non-politician, is going to be able to shake things up and make all of these changes that they don't think that politicians can be able to make. david: right. >> i don't think that is going to translate into november because you're dealing with a different electorate than the one trump faced. david: the bottom line though that the never trump people, you may not be part of the movement but you would never vote for trump, in the republican party they don't think donald trump is conservative enough. he is either a liberal or too moderate a republican. a lot of people would say mitt romney was more liberal and a lot of things. on specific policy, like tax policy, for example donald trump definitely taken a more conservative stand in terms of lower tax rates than mitt romney ever did. i asked club for growth president david macintosh yesterday whether he could support trump on specific issues like tax policy. here's what he answered. >> look, if donald trump actually decided to really push for his tax plan, for example, which i think is a very food tax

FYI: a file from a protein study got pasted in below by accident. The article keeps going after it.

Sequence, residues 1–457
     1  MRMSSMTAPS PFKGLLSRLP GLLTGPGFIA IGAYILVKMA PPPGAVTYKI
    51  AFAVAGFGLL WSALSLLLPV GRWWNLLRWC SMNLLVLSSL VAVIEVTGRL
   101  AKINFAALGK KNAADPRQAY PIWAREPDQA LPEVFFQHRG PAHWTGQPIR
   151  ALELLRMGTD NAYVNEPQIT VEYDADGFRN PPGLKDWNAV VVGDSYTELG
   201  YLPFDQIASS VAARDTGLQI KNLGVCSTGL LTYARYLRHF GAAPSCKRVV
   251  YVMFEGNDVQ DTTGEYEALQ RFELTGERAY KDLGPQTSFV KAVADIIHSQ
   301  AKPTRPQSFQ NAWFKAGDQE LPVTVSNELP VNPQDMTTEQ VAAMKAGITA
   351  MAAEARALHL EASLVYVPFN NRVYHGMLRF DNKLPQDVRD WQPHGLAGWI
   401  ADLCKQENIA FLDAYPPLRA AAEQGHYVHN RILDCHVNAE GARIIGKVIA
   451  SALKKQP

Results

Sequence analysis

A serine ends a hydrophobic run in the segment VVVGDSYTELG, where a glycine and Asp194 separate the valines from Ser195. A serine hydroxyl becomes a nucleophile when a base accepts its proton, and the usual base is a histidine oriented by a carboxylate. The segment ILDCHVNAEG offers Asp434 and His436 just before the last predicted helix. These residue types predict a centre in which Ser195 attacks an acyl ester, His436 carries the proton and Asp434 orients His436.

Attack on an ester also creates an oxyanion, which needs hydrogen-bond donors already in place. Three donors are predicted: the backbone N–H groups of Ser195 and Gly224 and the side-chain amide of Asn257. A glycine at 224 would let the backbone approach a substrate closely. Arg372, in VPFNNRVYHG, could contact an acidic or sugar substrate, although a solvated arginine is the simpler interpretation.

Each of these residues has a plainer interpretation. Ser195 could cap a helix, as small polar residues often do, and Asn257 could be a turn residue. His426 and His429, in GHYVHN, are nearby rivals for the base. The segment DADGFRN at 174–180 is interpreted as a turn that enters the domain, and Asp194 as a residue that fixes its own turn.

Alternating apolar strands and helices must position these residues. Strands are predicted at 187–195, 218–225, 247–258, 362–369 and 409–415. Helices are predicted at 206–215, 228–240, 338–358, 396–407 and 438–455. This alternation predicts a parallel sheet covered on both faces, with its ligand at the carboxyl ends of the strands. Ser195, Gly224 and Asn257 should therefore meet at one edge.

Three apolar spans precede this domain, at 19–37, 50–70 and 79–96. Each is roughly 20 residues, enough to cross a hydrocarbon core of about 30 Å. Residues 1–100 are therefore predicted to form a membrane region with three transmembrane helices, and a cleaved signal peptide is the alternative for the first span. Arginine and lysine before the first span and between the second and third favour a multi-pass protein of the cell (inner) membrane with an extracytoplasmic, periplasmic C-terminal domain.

plan, yeah, i would help him do that i'm for issues and doing the right thing. david: club for growth which was terribly anti-trump, now saying maybe on some of the issues i could support trump. what do you say to that? >> i think it is very clear that view of trump is just beyond ideology. it also goes to his tone and the sense that he is not fit for office. that is more fundamental issue than mere idealogical differences. and also, if you're talking about if he becomes president, and he is doing things that you agree with, i think there's a distinction between saying that and supporting him, an issue and being skeptical that he would actually pursue those policies. david: right. the question is where the money is going and clearly club for growth thinks they can spend some of their money actually supporting individual projects, whether tax policy or whatever. phillip, thank you very much. phillip klein from the "washington examiner." thank you. >> thank you.